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In many ways, online ads make the internet go around. Of the many services brought to you that are free at point of delivery, most are funded by their advertising revenue.

Well now, some mobile carriers are threatening to pull the plug on mobile ads- and they hope Google will sit up and take notice.

 

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Google are said to rake in around 55% of worldwide search-based ad revenues. In 2014, eMarketer research told us that Google had made $38.42 billion (£24.72 billion) in ad revenue via their search engine. Total ad revenue amounted to $59.6 billion (£38.35 billion), a figure that grew 17% on the previous year. Given their total revenue stream for 2014 was just over $65 billion, it makes up a significant chunk of the online juggernaut that is Google and its many technological facets.

 

google mobile

 

Certain arms of the tech industry are frustrated by Google’s control over the ad market, and now they’re looking to force through a shift in the way funds are distributed. First reported in the Financial Times, an unnamed mobile carrier is considering blocking ads from their user’s mobiles in the hope it will force Google around the negotiating table.

As to how to go about it, a couple of potential methods have been outed. The most likely appears to be an opt-in AdBlock service in a similar vein to what we see on desktop browsers today. The European carrier is said to have installed ad-blocking technology developed by Israeli start-up Shine onto their network. All that remains is to flick the switch, which could occur before the end of the year. An announcement is expected from a major mobile carrier in the coming months with regards to blocking ads on their network.

Also being considered is more a drastic and forceful action, whereby an entire block will be implemented across all its subscribers, bypassing any consumer choice in the process. It’s believed that a one-hour daily hiatus would be enough to see Google buckle and sit themselves around the negotiating table.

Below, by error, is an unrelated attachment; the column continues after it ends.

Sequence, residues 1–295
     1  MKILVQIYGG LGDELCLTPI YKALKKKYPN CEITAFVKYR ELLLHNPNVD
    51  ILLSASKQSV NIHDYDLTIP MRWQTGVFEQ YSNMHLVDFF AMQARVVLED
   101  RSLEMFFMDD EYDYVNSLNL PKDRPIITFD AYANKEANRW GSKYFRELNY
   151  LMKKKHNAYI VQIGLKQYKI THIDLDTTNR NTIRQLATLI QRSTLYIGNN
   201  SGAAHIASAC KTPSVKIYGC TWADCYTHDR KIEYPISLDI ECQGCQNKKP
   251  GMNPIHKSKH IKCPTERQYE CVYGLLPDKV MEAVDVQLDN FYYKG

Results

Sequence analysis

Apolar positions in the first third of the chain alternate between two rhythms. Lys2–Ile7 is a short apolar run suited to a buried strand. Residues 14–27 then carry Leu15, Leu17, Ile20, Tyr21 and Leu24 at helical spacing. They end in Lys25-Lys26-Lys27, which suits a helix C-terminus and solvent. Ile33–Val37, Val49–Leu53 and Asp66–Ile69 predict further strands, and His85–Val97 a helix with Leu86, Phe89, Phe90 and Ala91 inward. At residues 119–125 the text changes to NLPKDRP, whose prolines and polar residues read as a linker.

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This latest twist comes amid an endless row between Internet Service Providers (ISPs) and companies like Google that offer services over the internet. Essentially, Google believe they are free to conduct themselves as they wish when harnessing the infrastructure of networks owned and maintained by these ISPs. If that includes harvesting billions of dollars via mobile advertising, so be it. That is unless you sympathise with the ISP position. They believe they should be compensated by Google (and the many other companies who enjoy similar success) for the role their networks play in generating substantial profit. This latest move, undertaken by a carrier which is said to hold tens of millions of subscribers, is indicative of a constant tug-of-war.

 

Google vs The Internet

A number of immediate issues spring to mind when considering the dangers of such a provocative move. One of which is net neutrality. Built on principles of fairness and equality, Internet Service Providers are meant to treat all online content justly and uniformly, offering no preferences based on source. That Shine’s software will not block out all online ads (it won’t block and ads from Facebook or Twitter from example) throws the whole concept into question.

That’s without considering the potential damage a number of sites could be dealt should their ads suddenly be blocked from consumer view. As mentioned in the opening paragraph, content-based sites and free online services rely on their ad-revenue to function profitably. Removing this cash flow hampers these sites in their efforts to provide the content their users love. Something Google mentioned in their reply to the FT’s original story:

“People pay for mobile internet packages so they can access the apps, video streaming, webmail and other services they love, many of which are funded by ads.”

Regardless of issues of morality, how might Google respond to such an obvious attempt at bullying them into sharing an ever more prosperous pie? As can be seen from the figures above, Google relies heavily on their ad-revenue to fund the multiple branches of their tech conglomerate. Converting this initial threat to actual negotiation will not come easy.

What are your thoughts on this controversial move? Are mobile carriers right in taking matters into their own hands, correct in their monetary demands for use of their networks? Or should Google, in spite of all their questionable practices, stand their ground?  Let us know in the comments below.